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## CS322

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Last time

- What did we talk about last time?
- Set disproofs
- Russell’s paradox
- Function basics

Logical warmup

- A man has two 10 gallon jars
- The first contains 6 gallons of wine and the second contains 6 gallons of water
- He poured 3 gallons of wine into the water jar and stirred
- Then he poured 3 gallons of the mixture in the water jar into the wine jar and stirred
- Then he poured 3 gallons of the mixture in the wine jar into the water jar and stirred
- He continued the process until both jars had the same concentration of wine
- How many pouring operations did he do?

Definitions

- A function f from set X to set Y is a relation between elements of X (inputs) and elements of Y (outputs) such that each input is related to exactly one output
- We write f: X Y to indicate this
- X is called the domain of f
- Y is called the co-domain of f
- The range of f is { y Y | y = f(x), for some x X}
- The inverse image of y is { x X | f(x) = y }

Examples

- Using standard assumptions, consider f(x) = x2
- What is the domain?
- What is the co-domain?
- What is the range?
- What is f(3.2)?
- What is the inverse image of 4?
- Assume that the set of positive integers is the domain and co-domain
- What is the range?
- What is f(3.2)?
- What is the inverse image of 4?

Arrow diagrams

- With finite domains and co-domains, we can define a function using an arrow diagram
- What is the domain?
- What is the co-domain?
- What are f(a), f(b), and f(c)?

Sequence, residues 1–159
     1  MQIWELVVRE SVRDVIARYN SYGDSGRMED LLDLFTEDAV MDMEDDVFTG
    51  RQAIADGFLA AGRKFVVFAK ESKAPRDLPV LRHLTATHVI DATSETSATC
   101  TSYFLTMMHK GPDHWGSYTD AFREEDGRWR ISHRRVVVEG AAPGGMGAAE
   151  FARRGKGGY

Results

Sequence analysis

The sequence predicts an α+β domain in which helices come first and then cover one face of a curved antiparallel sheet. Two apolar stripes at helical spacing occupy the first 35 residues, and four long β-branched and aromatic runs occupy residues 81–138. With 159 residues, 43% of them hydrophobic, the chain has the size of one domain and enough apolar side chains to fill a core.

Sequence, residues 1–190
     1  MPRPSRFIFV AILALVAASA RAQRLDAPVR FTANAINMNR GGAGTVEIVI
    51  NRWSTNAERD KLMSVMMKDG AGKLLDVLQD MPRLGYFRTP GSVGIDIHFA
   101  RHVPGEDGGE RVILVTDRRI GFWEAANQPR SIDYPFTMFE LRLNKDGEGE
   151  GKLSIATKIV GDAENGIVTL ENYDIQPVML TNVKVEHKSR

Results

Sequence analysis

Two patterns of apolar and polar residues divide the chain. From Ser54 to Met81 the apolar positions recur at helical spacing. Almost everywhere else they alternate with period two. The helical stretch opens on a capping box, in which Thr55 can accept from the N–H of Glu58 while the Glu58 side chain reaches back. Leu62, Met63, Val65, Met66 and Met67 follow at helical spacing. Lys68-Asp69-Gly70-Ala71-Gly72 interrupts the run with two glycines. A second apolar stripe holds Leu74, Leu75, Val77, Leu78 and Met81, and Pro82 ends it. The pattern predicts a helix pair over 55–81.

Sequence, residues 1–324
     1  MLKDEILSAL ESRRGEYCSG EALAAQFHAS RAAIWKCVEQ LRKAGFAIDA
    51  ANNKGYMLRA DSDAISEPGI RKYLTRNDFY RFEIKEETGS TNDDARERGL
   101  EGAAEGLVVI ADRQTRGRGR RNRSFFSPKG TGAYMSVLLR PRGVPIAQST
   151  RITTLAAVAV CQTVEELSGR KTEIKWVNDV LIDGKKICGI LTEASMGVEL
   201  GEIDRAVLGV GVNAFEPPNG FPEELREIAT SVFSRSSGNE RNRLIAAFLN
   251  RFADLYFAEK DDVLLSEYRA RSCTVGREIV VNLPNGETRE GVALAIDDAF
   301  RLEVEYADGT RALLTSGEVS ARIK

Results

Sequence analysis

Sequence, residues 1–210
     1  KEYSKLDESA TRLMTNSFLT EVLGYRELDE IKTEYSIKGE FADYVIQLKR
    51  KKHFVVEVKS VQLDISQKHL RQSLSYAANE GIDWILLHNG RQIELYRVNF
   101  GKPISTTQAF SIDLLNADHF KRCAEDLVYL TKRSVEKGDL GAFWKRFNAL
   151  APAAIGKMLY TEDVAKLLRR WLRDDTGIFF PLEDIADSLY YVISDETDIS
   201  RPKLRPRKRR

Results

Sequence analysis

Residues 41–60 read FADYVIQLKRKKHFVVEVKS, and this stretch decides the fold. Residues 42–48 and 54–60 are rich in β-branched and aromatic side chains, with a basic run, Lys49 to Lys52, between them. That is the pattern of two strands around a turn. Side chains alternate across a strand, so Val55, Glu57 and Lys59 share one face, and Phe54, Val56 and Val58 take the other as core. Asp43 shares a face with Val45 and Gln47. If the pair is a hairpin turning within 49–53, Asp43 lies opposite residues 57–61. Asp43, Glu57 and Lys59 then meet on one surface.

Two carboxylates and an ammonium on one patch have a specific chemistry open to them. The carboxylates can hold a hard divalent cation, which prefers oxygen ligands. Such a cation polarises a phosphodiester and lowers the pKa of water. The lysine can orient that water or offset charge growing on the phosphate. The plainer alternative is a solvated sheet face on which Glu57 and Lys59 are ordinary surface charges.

- What is the range?
- What are the inverse images of 1, 2, 3, and 4?
- Represent f as a set of ordered pairs

X

f

Y

1

2

3

4

a

b

c

Function equality

- Given two functions f and g from X to Y,
- f equals g, written f = g, iff:
- f(x) = g(x) for all xX
- Let f(x) = |x| and g(x) =
- Does f = g?
- Let f(x) = x and g(x) = 1/(1/x)
- Does f = g?

Applicability of functions

- Functions can be defined from any well-defined set to any other
- There is an identity function from any set to itself
- We can represent a sequence as a function from a range of integers to the values of the sequence
- We can create a function mapping from sets to integers, for example, giving the cardinality of certain sets

Logarithms

- You should know this already
- But, this is the official place where it should be covered formally
- There is a function called the logarithm with base b of x defined from R+ - {1}to R as follows:
- logbx = y by = x

Functions defined on Cartesian products

- For a function of multiple values, we can define its domain to be the Cartesian product of sets
- Let Sn be strings of 1's and 0's of length n
- An important CS concept is Hamming distance
- Hamming distance takes two binary strings of length n and gives the number of places where they differ
- Let Hamming distance be H: Sn x Sn Znonneg
- What is H(00101, 01110)?
- What is H(10001, 01111)?

Well-defined functions

- There are two ways in which a function can be poorly defined
- It does not provide a mapping for every value in the domain
- Example: f: R R such that f(x) = 1/x
- It provides more than one mapping for some value in the domain
- Example: f: Q Z such that f(m/n) = m, where m and n are the integers representing the rational number

One-to-one functions

- Let F be a function from X to Y
- F is one-to-one (or injective) if and only if:
- If F(x1) = F(x2) then x1 = x2
- Is f(x) = x2 from Z to Z one-to-one?
- Is f(x) = x2 from Z+ to Z one-to-one?
- Is h(x) one-to-one?

X

h

Y

1

2

3

4

a

b

c

Proving one-to-one

- To prove that f from X to Y is one-to-one, prove that x1, x2 X, f(x1) = f(x2) x1 = x2
- To disprove, just find a counter example
- Prove that f: R R defined by f(x) = 4x – 1 is one-to-one
- Prove that g: Z Z defined by g(n) = n2 is not one-to-one

Onto functions

- Let F be a function from X to Y
- F is onto (or surjective) if and only if:
- y Y, x X such that F(x) = y
- Is f(x) = x2 from Z to Z onto?
- Is f(x) = x2 from R+ to R+ onto?
- Is h(x) onto?

X

h

Y

1

2

3

a

b

c

Inverse functions

- If a function F: X Yis both one-to-one and onto (bijective), then there is an inverse function F-1: Y X such that:
- F-1(y) = x F(x) = y, for all x X and y Y